Wow! What a resource! They have all kinds of good info about butterflies, including, by species, habitat, host plants, descriptions, sighting frequency and occurrence, and more.
Check out their “Species List!“
On their “Spicebush Swallowtail Pterourus troilus” page, they say:
Butterfly: Wingspan: 3½ – 4½ inches (8.9 – 11.4 cm). The upper surface of the forewing is mostly black with ivory spots along the margin. The upper surface of the hindwing has orange spots and a sheen of blue (female) or bluish-green (male) scales. The underside of the hindwing has pale green spots.
Spicebush Swallowtails add a splash of green to Alabama’s swallowtail color palate. Once known as Green-Clouded Swallowtails, males of the species were aptly named. Expanses of blue-green scales drift across their black hindwings, and green chevrons outline lower wing edges. Females also sport green chevrons, but their hindwing clouds are decidedly blue, making them excellent mimics of their poisonous relative, the Pipevine Swallowtail. They even flutter their wings when nectaring, also reminiscent of Pipevine Swallowtails. Although Spicebush Swallowtails butterflies look a lot like Pipevine Swallowtails, they are actually most closely related to Tiger and Palamedes Swallowtails. This becomes obvious when comparing their larvae: the family resemblance is remarkable.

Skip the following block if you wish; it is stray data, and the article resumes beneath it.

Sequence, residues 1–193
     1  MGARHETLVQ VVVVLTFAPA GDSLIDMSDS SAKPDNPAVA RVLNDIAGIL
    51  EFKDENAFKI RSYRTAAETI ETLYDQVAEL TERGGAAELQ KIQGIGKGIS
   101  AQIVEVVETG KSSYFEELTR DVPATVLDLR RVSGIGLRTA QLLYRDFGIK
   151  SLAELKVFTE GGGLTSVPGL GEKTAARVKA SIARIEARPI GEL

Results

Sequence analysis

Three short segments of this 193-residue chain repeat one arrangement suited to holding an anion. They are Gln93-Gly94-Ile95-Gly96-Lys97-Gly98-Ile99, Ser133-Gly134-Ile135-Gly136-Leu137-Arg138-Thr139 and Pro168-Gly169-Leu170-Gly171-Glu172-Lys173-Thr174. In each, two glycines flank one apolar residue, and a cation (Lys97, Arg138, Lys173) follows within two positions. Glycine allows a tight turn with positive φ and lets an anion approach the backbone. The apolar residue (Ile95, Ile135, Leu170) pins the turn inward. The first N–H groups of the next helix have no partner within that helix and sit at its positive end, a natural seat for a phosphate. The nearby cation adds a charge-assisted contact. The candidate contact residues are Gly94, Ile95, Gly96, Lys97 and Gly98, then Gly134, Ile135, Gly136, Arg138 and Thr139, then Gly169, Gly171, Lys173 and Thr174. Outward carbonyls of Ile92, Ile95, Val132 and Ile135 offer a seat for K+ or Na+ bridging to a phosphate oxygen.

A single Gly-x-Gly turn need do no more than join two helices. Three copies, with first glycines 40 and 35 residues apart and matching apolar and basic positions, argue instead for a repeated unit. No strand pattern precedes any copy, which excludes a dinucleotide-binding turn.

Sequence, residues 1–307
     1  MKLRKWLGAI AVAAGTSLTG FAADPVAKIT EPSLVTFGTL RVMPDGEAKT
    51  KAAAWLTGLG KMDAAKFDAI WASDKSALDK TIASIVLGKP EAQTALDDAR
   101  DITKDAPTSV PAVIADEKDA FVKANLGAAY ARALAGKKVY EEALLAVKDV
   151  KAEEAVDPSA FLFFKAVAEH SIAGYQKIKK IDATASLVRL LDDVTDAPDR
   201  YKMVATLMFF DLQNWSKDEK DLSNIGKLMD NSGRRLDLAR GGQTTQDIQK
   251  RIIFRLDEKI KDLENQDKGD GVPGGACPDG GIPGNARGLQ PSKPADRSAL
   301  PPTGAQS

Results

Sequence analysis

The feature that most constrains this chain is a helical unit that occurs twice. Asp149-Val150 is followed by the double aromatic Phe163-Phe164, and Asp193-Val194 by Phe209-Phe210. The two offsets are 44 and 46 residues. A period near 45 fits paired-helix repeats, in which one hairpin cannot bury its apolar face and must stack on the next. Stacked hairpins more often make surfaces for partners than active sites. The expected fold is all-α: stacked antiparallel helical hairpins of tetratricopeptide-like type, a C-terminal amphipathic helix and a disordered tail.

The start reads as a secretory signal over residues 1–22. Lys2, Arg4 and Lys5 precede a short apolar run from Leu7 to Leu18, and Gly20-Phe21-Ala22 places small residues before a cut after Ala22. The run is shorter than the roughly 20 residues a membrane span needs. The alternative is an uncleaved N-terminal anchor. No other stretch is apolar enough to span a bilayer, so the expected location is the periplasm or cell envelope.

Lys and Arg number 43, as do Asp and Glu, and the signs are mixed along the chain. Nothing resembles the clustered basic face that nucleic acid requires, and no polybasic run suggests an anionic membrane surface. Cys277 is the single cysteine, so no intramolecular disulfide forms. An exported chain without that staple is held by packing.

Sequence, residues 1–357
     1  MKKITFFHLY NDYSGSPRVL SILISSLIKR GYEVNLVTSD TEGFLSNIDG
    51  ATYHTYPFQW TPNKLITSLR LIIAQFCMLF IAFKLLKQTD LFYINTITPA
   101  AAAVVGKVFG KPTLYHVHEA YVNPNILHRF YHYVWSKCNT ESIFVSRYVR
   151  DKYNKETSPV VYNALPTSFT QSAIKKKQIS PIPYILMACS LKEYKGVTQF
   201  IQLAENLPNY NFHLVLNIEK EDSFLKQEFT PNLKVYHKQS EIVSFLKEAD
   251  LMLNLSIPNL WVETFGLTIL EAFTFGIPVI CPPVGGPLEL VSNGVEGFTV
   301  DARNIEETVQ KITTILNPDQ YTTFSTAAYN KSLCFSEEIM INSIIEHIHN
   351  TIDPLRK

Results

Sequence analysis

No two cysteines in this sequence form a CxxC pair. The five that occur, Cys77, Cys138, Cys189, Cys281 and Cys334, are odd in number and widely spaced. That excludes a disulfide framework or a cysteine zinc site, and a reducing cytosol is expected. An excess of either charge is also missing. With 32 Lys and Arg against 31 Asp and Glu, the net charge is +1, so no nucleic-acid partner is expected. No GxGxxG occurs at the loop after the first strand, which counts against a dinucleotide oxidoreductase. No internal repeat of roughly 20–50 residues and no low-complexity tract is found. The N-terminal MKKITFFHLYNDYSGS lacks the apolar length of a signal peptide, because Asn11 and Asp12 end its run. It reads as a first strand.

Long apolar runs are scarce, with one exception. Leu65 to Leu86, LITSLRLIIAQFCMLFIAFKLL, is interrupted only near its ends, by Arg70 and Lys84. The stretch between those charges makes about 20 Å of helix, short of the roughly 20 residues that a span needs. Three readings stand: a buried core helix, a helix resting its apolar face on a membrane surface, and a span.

Host plants verified in Alabama are Smooth Northern Spicebush (Lindera benzoin), Sassafras (Sassafras albidum), Red Bay (Persea borbonia), and Swamp Bay (Persea palustrus). The non-native Camphor Tree (Cinnamomum camphora) has also been documented but should not be planted in the landscape due to its invasive tendancies.
And they have some great ID info! Here is an example for the Spicebush Swallowtail. (Click on “Get Identification Help,” which is under the first thumbnail photo under the yellow section (i.e., in the off-white section).)
And in “Black Swallowtail Papilio polyxenes” they have a great ID tip! One that I have needed and have wondered about.
ID Tip: Black Swallowtails are often misidentified and confused with other large, dark swallowtails. Look for the dark body with a double row of creamy yellow dots. On both upper and under wing surfaces, look for an orange-red eyespot with a center black “pupil.” These are located at corner of the hindwings.
Again, click on “Get Identification Help,” which is under the first thumbnail photo under the yellow section (i.e., in the off-white section), to get some great ID info: